S&S BMX F-1, pt2: The Goblin Bike

Earlier I had talked about my next bike acquisition, which I decided would be something totally off-the-wall. I double-dog-dare you to find another custom titanium BMX with S&S couplings and disc brakes and a rear derailleur. Not that I tired to come up with something unique. I just thought about what my current stable of bikes lacked, whether it be a particular style of bike or combination of features. This is what I came up with. It’s being built by Davidson Bicycles, which is within Elliott Bay Bicycles. And I wrench there, as well as handle the buying.

I got a text message from the frame builder on my day off: “It was a good day in the frame shop for BMX bikes.” So I had to go down and see the bike on the welding jig.

Goblin jig 01.jpg

My girlfriend asked me if I was going to go drool over my new Frankenbike, but that moniker doesn’t really seem to fit. The bike is too small to be named after Frankenstein’s monster. I’ve taken to calling it the goblin bike.

Goblin jig 04.jpg

The construction is relatively straightforward, except for the chain stays. There really aren’t any braze-ons; the Paragon dropouts already incorporate the disc caliper mount. However the chain stays are short, in the style of BMX bikes, but the cranks and chainring are a little tighter than BMX would normally have. That doesn’t leave much space for the chain stays between the crank/ring and fatty tire. Will the frame builder chose to use a chain stay yoke. Will hasn’t made the seat stays yet, but they’ll probably be single bend 3/4” titanium tube.

Goblin jig 08.jpg

This bike is likely to be really stiff and tough. Maybe not world class BMX stiff, but much stiffer than old school BMX and any mini-wheeled travel bike like a Bike Friday. I want a travel bike that packs up tiny and is bomb-proof, but the bike will have better efficiency than your standard BMX bike because it will have multiple gears. Since I am fairly short, I can actually run my saddle full height on this bike with a stock 410mm seat post, and a stock BMX handlebar will be more than high enough. No custom or esoteric parts required.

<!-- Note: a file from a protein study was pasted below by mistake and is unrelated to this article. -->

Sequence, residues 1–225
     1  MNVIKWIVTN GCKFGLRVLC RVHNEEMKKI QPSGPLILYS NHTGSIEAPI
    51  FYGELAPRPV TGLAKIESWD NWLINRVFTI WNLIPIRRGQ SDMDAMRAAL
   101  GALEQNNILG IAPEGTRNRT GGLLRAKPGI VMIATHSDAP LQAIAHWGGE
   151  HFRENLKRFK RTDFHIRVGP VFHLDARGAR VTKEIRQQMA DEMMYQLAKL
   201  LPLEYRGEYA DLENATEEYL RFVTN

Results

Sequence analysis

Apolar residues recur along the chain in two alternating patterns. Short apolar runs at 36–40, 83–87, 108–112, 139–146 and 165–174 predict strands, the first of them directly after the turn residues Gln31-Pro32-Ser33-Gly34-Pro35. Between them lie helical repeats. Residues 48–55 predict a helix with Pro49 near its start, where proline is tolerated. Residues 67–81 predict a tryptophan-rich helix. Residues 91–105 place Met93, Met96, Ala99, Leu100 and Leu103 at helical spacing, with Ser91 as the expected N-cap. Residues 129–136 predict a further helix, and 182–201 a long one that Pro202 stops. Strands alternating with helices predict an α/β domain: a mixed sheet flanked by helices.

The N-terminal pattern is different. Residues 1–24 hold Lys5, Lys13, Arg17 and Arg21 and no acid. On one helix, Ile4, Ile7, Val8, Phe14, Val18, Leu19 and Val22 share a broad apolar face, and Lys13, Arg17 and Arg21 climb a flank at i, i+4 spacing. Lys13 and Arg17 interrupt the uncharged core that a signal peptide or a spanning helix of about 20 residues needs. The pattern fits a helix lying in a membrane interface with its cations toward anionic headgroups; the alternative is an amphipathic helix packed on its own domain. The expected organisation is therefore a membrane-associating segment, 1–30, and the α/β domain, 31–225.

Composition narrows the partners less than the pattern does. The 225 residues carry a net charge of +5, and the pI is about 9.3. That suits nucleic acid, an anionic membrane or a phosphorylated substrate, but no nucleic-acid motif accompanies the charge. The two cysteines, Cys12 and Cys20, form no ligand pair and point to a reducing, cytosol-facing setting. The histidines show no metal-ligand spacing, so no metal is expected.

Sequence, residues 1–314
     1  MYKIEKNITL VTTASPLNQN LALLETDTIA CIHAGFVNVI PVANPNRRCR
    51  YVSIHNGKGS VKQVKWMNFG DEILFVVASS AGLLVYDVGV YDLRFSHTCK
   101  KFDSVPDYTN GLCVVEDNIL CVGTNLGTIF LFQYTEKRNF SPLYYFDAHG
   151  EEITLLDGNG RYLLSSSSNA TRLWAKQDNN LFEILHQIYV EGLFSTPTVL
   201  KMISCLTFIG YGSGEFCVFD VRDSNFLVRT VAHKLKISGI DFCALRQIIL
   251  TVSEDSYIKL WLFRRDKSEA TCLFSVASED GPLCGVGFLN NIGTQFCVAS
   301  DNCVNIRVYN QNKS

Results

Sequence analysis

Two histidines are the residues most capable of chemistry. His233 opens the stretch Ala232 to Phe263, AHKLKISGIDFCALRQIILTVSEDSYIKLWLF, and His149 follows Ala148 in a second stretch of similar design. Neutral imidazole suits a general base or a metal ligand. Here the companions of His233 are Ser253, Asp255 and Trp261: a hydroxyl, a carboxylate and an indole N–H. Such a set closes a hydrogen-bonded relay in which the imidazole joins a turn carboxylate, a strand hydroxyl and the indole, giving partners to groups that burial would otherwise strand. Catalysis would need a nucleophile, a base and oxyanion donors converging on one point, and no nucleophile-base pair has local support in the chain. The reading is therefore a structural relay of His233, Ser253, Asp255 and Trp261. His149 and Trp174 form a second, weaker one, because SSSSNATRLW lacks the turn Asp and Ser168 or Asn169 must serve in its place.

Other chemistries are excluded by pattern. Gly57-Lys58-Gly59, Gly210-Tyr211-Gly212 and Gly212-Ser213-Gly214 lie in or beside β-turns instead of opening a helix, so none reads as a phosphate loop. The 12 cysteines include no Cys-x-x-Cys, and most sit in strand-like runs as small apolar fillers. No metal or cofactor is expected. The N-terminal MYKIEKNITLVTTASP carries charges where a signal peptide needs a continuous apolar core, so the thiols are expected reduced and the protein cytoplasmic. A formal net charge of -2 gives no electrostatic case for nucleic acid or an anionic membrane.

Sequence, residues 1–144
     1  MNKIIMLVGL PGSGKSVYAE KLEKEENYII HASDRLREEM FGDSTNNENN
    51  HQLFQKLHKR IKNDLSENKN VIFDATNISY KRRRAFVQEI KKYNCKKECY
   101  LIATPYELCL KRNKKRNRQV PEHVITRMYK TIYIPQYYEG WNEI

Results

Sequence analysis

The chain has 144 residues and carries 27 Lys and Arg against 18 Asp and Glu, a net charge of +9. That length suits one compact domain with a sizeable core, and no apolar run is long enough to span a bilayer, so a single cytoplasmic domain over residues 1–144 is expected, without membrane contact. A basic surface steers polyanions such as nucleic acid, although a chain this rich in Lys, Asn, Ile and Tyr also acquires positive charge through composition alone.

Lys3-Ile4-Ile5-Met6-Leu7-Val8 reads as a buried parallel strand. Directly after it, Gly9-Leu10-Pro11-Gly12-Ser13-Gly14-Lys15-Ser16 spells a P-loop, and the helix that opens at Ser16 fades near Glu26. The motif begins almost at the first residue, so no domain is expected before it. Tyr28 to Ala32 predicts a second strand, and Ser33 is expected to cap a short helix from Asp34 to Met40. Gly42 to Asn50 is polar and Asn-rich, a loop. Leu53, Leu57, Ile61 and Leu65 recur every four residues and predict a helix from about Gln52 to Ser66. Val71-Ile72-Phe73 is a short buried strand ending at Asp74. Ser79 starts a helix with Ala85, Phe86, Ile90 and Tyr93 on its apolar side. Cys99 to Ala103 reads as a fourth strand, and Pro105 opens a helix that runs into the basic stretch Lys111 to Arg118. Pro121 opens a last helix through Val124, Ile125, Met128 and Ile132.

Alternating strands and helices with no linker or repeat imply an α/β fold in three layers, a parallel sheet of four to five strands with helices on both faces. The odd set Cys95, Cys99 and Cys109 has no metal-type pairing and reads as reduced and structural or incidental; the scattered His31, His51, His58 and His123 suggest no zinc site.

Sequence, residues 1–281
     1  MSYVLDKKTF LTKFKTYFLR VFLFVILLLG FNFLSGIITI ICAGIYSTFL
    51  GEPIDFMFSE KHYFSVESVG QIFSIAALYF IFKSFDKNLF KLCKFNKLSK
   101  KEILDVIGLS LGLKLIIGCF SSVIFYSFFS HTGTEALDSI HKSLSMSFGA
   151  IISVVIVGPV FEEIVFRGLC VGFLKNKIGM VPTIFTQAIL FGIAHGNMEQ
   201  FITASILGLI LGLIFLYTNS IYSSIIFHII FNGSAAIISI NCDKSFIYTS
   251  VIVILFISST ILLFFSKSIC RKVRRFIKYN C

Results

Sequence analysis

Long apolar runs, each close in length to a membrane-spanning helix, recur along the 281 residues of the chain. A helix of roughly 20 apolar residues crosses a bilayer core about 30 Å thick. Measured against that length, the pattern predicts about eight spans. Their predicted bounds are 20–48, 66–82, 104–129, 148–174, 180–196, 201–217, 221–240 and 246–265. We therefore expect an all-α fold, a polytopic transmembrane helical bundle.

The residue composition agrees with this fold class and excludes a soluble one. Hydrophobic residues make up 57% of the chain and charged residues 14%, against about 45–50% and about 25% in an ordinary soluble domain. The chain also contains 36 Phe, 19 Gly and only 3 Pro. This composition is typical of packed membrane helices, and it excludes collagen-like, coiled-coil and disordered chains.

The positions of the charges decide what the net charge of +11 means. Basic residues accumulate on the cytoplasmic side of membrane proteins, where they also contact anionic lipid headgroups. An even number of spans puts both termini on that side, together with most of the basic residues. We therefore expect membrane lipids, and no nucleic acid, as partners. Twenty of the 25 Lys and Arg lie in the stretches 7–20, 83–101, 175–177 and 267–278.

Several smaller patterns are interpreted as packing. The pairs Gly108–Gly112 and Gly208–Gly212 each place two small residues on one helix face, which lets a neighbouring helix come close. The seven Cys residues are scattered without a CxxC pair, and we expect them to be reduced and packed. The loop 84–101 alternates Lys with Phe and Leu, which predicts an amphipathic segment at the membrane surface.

2 Comments

Very interesting concept.
What is the dropout spacing in the rear?
Are there also going to be studs for v-brakes at least in the rear?
Is there a reason for not using horizontal dropouts in the rear? 
And how fat a tire will you be able to run?
I’m just thinking about versatility.
Also, what is the bottom bracket shell size and thread?

Rear spacing is 135mm mtb standard, not 110mm BMX.  The wider spacing was necessary for the multigear cassette and mounting a disc rotor.  Disc brakes are much easier to set up on with vertical dropouts since that way the axle is always aligned the same every time you remove/replace the rear wheel.  Beyond that, there aren’t many (any?) titanium dropouts available with both horizontal slots and disc caliper mounts.  I thought about slider dropouts (Paragon), but there were spatial issues due to the tire/crank/ring bunching up.  The frame is being buit with 2.1” tires in mind. The BB is Euro (ie 68mm wide, English thread).

To comment

Or with us.





Advertise here

About this Entry

Raleigh Bikes 2010 Steel Preview was the previous entry in this blog.

International Win For Susan Day! is the next one.

Find more recent content on our home page and archives.

About Bike Hugger